Northern California is an extraordinarily rich place for women writers. Of course, the cities of San Francisco and Sacramento have many women writers to claim as their own, but so does the greater Davis area, which has the university as a major draw. And many writers choose to live in quiet valley towns or the foothills, which are within striking distance of bookstores, libraries and lecture halls.
Over the years, a wonderful collection of women editors, novelists, poets and non-fiction writers particular to this area has developed including Karen Joy Fowler, Laura Reese, Katherine Vaz, Deborah Madison, Michele Anna Jordan, Georgeanne Brennan, Sandra McPherson, Doris Earnshaw, Jean Hegland, Kristin Delaplane, Celeste Turner Wright, Padma Hejmadi, Joan Criddle and many more. Others, like Isabel Porter and Barbara Milman, are primarily artists who also have written books. And newcomers like Sandy Lynne Holman are breaking into the scene: Holman has just published her first children's book. (Quiz: Ten of the women listed above live in Davis. Can you name them?)
So in honor of Women's History Month, let's take a look at a few women from this general area. First, pick up a copy of "The Sweetheart Season" by Karen Joy Fowler. Turn to chapter 6 (page 52 in hardcover ) and be prepared to read a very, very funny scene in which a father tries his best to tell his 12-year-old daughter the facts of life. Fowler is reputed to be a dark and brooding writer, which she says is just not true. "I think I'm hilarious," she said. And she is.
Laura Reese's second book has been accepted for publication. It is tentatively titled "Panic Snap." This is how Reese describes it: "It's about sexual obsession, compulsion and how love doesn't always go where we want it to go. These are subjects that interest me intensely."
Katherine Vaz's latest book, "Mariana," is available at last in the United States - but only if you read Spanish. However, this wonderful novel about a 17th century nun who has an affair with a French cavalry officer was published in Great Britain in English and a few copies have made their way to Northern California bookstores and libraries. "Mariana" is available at the Woodland city library, for instance.
Three women from Davis/New Mexico, Sebastopol/San Francisco and Winters/Provence have written great cookbooks. I'm speaking of Deborah Madison (grew up in Davis, now lives in New Mexico), Michele Anna Jordan (lives in Sebastopol, has an apartment in The City), and Georgeanne Brennan (divides her time between Winters and France). Each of these women has published several books so you'll be able to find their works easily.
Poet Sandra McPherson, a professor at UC Davis, has several collections of poetry to her credit, including a point-counterpoint she wrote with her daughter, Phoebe. That collection is called "The Spaces Between Birds."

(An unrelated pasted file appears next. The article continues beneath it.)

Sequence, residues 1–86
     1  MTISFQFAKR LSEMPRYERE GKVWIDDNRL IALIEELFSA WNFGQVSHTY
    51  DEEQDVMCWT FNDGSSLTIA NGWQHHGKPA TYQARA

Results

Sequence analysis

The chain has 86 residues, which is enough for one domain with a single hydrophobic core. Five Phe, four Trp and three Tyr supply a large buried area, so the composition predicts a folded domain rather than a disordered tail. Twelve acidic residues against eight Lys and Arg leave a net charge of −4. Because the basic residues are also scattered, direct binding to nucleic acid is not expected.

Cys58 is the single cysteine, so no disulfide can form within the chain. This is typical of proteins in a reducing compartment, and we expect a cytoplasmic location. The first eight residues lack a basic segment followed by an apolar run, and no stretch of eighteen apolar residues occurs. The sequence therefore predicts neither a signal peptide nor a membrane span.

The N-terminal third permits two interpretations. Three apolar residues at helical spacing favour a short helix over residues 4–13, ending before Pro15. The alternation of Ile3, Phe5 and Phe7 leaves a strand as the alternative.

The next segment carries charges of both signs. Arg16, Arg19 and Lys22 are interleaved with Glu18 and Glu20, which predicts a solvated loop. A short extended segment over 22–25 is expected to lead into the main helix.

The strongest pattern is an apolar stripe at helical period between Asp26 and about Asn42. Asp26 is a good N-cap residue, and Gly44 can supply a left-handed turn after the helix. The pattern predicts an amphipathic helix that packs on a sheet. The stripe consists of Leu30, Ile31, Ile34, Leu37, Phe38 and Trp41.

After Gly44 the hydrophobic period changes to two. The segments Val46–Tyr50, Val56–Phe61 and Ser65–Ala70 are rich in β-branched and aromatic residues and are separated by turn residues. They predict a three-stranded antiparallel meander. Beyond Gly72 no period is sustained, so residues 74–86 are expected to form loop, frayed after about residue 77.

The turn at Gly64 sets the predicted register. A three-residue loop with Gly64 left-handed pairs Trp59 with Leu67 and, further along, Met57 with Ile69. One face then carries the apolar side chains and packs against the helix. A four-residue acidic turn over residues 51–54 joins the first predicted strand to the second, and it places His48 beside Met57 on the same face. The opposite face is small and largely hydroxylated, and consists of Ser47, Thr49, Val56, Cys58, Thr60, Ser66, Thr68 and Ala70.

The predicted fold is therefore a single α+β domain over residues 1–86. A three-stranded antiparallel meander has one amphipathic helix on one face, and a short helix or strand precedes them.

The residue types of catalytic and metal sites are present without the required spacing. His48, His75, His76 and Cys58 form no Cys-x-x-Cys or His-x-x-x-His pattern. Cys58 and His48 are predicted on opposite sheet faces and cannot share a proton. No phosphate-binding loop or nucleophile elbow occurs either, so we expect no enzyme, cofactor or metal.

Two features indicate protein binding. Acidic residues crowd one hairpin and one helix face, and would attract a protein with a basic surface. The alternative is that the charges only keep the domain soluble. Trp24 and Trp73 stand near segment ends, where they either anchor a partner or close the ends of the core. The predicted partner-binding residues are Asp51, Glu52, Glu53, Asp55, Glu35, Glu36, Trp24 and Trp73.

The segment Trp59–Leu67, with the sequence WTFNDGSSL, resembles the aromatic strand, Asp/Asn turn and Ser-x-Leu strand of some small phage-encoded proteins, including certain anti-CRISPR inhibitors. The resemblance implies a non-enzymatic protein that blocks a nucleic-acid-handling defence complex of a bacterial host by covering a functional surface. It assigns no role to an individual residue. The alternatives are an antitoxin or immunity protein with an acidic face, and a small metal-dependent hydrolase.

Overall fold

Doris Earnshaw didn't take no for an answer when she was first refused admission to Cal. She bided her time, then earned her Ph.D. at age 55, then launched a successful teaching career before retiring. She now can add several more titles to her resume as she has edited and published three collections of speeches by female politicians. The latest is "International Women Speak."
Jean Hegland's novel, "Into the Forest," remains one of my favorites. If you live up in the mountains and are interested in self-sufficiency, this is a gripping read. A small press originally published this book, which sold tremendously well by word-of-mouth. It was picked up by Bantam and released last fall in hardback. Hegland lives outside Healdsburg, a little far afield, but I'm going to claim her anyway.
Kristin Delaplane of Vacaville wrote and published "A Gold Hunter: Memoirs of John Berry Hill," the story of an intrepid ancestor who took part in the California Gold Rush. She is the daughter of the late Stan Delaplane who wrote travel and humor for the San Francisco Chronicle for many years.
Celeste Turner Wright was honored last fall when the main theater building at UC Davis was named for her. She taught at UCD for an amazing 51 years, and for 27 of those years was the chair of the English department, for which she deserves a medal in addition to a building. Not only was she the first humanities Ph.D. to be hired at Davis, and the first woman professor, but she is an acclaimed poet. "Seasoned Timber" is one of her collections of poetry.
Padma Hejmadi, writing under the name Padma Perera, published a collection of short stories called "Birthday/Deathday." She was born in Madras, India, and studied classical Indian dance beginning at age 4. She is a dancer, an artist, a photographer and a writer whose short stories have appeared in The New Yorker (as has McPherson's poetry). She is completing a new collection of short stories, "Conversations," about women talking to each other vertically, old to young, and horizontally, across continents.
Celebrate women by picking up a book by one of these remarkable writers.
[Elisabeth Sherwin presented a lecture on Women Writers of Northern California at the Woodland Library during Women's History Month -- Ry]
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